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Citation:

Thompson D, Baranowski T, Baranowski J, Cullen K, Jago R, Watson K, Liu Y.  Boy Scout 5-a-Day badge: outcome results of a troop and internet intervention.  Preventive Medicine 2009; 49:518-526.

Study Design:
Group randomized controlled trial
Class:
A - Click here for explanation of classification scheme.
POSITIVE: See Research Design and Implementation Criteria Checklist below.
Research Purpose:

Examine effects of a 5-A-Day intervention program on fruice juice and low-fat vegetable consumption.

Inclusion Criteria:

Troop inclusion criteria: High likelihood of home computer with Internet access.

Scout inclusion criteria: Participating troop membership, home computer with Internet access, written assent/consent.

Exclusion Criteria:

Troop exclusion criteria: Low likelihood of home computer with Internet access.

Scout exclusion criteria: No participating troop membership, no home computer with Internet access, lack of written consent/assent.

Description of Study Protocol:

Recruitment

Recruitment permission obtained from Houston Boy Scouts of America.  Presentations were made to troop leaders; Scouts were recruited from troops expressing interest.

Design

 Two-condition treatment, active-attention-placebo-control) group randomized trial with three data colelction periods (baseline, immediate post and 6-months post), conducted in two waves (Spring and Fall). 

Dietary Intake/Dietary Assessment Methodology (if applicable):

 Modified FFQ including 4 100% juices, 17 fruits and 17 vegetables.  Response scale represented the number of servings over previous 7 days.  Fruit & juice consumption was computed by summing servings of juice and fruit.  Low-fat vegetable consumption was computed by removing french fries, potato salad, and other potatoes from vegetables and computing servings of the other 14 lower fat items.

Blinding used (if applicable)

Partcipants, data collectors nor interventionists were blinded to the condition.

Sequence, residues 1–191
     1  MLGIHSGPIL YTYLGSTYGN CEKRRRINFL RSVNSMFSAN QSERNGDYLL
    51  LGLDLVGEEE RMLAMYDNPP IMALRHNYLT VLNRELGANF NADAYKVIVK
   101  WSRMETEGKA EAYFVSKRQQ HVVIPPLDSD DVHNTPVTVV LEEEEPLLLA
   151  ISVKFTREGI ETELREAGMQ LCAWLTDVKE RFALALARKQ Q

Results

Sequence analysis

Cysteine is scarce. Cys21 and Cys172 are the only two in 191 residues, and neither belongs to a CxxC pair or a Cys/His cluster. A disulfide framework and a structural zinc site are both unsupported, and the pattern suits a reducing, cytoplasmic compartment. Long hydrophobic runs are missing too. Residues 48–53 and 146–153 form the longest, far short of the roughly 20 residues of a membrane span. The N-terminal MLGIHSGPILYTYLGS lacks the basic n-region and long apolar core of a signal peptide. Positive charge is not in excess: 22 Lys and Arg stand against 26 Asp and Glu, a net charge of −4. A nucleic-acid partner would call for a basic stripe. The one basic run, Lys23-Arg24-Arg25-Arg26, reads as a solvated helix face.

Intervention (if applicable)

The treatment group recieved an intervention to increased fruit and vegetable consumption.  The control group recieved an identically structured intervention to increase physical activity.  The treatment intervention included nine meeting components with content that varied each week.  The nine components were: 1) a meeting knowledge activity; 2) recipe preparation, 3) taste testing, 4) outcome expectancy, [INTERNET-based interventions]: 4) activity with skills presented in comic book, 5) problem solving poll, 6) goal setting, 7) goal review, 8) knowledge games, and 9) web activity. 

Statistical Analysis

Missing data were assessed at teh collection period level and each variable/scale level.  Primary outcome measures were analyzed using ProcMixed SAS procedure for group differences over the 3 time periods. 

 

Data Collection Summary:

Timing of Measurements

 Measurements were taken at baseline, immediate post-intervention and 6-months post-intervention.

Dependent Variables

  • Fruit and fruit juice consumption: Measured by FFQ. Consumption was presented as the non-averaged number of servings over the past 7 days.
  • Vegetable cosumption: Measured by FFQ. Consumption was presented as the non-averaged number of servings over the past 7 days.